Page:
I know it will make a big stink, since they have done this for years. My guess is that they will do it anyway, because one time I made the comment that I was faithful to the Vatican, and I got laughed at. Could you please advise me on this situation? It upsets me very much to know that the children I taught and all the people who go to Communion that day did not really receive the Blessed Sacrament. Please tell me the truth. I know that "the truth will set you free." Please pray for me as I break the news to my parish. This is going to be very hard.

Fr. Moderator Replies.

This certainly doesn't sound like a parish that could be called "Catholic" by any standard other than the sign on the door. And that sign in front of the door of Novus Ordo churches must more and more remind us of that sign described by the Italian poet Dante Alighieri over the gate of Hell:

Per me si va nella citta' dolente,
Per me si va nell' etterno dolore,
Per me si va tra la perduta gente.
.... Lasciate ogni speranza, voi ch'entrate.

[Through me the way into the woeful city,
Through me the way to the eternal pain,
through me the way among the lost people.
.... Abandon every hope, ye that enter.]

You are correct: only wheaten flour and water are to be used. That has been the consistent doctrine and practice of the Church from the beginning. What you are describing seems to be a cookie rather than bread and would be invalid matter if that is the case. Such a concoction has no reference even to what was used at the Last Supper, because, as we know, that was unleavened bread of wheaten flour, as the Jews to this day use on the Passover.

The Vatican Congregation for the Doctrine of the Faith warned the U.S. National Council of Catholic Bishops in a decision dated March 15, 1978, that many "Masses" were invalid because of defect of matter and that such Masses would have to be reoffered and stipends returned. Many of the bishops blithely ignored this question of sacramental validity, and I have no doubt that many purported "Masses" offered in dioceses in the United States are not Masses at all, but in fact Protestantized memorial prayer-meetings.

Often great emphasis is placed on the defect of form (that, the words) of the Novus Ordo Worship Service, as even the very words of Consecration handed down from Christ and His Apostles were changed, but the question of defect of matter (the physical elements) is just as serious. For further information, see the Library of Files for FAQ03: Should I Attend the New Mass?

All you can do is continue to teach the children what is truly Catholic. As St. Augustine said: "Wrong is wrong even if everybody is doing it, and right is right even if nobody is doing it." The numbers of those in error or their purported "authority" is not important. What is important is right Catholic doctrine and right Catholic practice.

Scriptural Proof of Purgatory

From: William

Dear Fr. Moderator:

A friend of mine asked where Purgatory is mentioned in the Bible. I could not answer her even though I do read the Bible. Can you help me?

Fr. Moderator Replies.

Even though Sacred Tradition, that is, the teaching of the Apostles of Deposit of Faith, is just as important as Sacred Scripture, many Catholics -- and certainly Protestants -- are ignorant that the teaching on Purgatory is adumbrated in many Scriptural passages. For further information, see "Purgatory" in the Library of Files under FAQ10: How Do You Explain These Traditional Catholic Beliefs?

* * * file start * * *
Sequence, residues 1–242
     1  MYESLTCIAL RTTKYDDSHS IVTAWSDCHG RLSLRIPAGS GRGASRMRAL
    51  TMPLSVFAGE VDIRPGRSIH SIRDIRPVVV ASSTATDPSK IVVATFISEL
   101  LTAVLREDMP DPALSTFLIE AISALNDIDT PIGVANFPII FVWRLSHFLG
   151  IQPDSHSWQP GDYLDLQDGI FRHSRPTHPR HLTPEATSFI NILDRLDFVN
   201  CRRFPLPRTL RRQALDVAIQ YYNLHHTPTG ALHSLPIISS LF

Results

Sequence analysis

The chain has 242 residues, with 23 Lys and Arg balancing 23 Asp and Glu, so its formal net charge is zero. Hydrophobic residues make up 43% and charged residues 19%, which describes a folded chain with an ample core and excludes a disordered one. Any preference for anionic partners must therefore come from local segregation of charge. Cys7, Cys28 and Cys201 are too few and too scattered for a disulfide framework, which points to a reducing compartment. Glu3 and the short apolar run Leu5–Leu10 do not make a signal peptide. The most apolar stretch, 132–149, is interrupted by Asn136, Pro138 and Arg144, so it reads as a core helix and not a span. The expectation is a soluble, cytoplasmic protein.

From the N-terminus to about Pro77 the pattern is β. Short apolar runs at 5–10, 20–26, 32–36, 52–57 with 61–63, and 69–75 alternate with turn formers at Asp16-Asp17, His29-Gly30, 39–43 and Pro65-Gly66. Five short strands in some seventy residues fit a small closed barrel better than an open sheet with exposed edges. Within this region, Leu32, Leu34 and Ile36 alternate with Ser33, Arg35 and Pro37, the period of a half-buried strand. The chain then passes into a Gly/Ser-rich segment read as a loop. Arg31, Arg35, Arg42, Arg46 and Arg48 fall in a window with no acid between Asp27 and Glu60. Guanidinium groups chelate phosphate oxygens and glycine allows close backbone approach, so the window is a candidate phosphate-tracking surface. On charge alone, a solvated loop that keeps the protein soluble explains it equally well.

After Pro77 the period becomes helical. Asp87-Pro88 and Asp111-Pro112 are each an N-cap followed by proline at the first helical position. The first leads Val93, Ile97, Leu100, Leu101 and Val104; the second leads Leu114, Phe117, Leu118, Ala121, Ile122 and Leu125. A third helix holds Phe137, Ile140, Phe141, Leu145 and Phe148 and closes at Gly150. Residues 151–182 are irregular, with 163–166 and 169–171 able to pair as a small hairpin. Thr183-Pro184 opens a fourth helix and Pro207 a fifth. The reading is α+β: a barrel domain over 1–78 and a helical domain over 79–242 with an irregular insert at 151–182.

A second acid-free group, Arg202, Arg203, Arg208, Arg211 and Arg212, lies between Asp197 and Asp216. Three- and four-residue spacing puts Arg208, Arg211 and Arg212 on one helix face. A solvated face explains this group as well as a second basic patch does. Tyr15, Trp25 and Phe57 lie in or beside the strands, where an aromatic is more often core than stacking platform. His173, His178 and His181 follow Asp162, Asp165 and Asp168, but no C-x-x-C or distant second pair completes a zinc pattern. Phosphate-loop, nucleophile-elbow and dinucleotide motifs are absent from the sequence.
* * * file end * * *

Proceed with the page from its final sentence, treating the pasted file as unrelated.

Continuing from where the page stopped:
February 2, 2001: Purification of the Blessed Virgin Mary (Candlemas Day)

Not Ground Hog Day

From: Fr. Moderator

With all the talk of "Ground Hog Day" today, you probably didn't even know that today is one of the greatest feastdays of the Blessed Virgin Mary, the Feastday of the Purification, also known as Candlemas Day because of the liturgical procession with candles on that day. It is forty days after the birth of Our Lord, when, as St. Luke tells us:

22 - And after the days of her purification, according to thelaw of Moses, were accomplished, they carried him to Jerusalem, to present him to the Lord:
23 - As it is written in the law of the Lord: Every male opening the womb shall be called holy to the Lord:
24 - And to offer a sacrifice, according as it is written in the law of the Lord, a pair of turledoves or two young pigeons.

It was on this occasion that Simeon and Anna the prophetess testified that Our Lord was the redemption of Israel and of the Gentiles. It is from the words of Simeon on the day of the Purification that the Canticle of Simeon, the Nunc Dimittis, is taken for the canticle of the last Hour of the Divine Office. You can read those wonderful words in verses 29-32.

The Other Side of Hollywood

From: B.J.

Dear Fr. Moderator:

The side of Hollywood we see from Mel Gibson as a staunch husband, father, and traditional Catholic is certainly the exception. The following is more of the norm. Actress Jennie Garth of Beverly Hills 90210 married recently, for the second time, following a divorce of her first husband of two years. Their (Garth's and her new husband's) three-year-old daughter served as flower girl; incidently, she was born about seven months after the divorce from her first husband was filed.

Oh, the wedding was held at Our Lady of Mount Carmel Catholic Church in Montecito, California. Of course, when I went to get married, I couldn't use the local Catholic church because I wanted to have a traditional priest perform the ceremony. That was a much bigger stigma than having been divorced and wanting my illegimate child (conceived while still married to my first spouse) be part of the ceremony.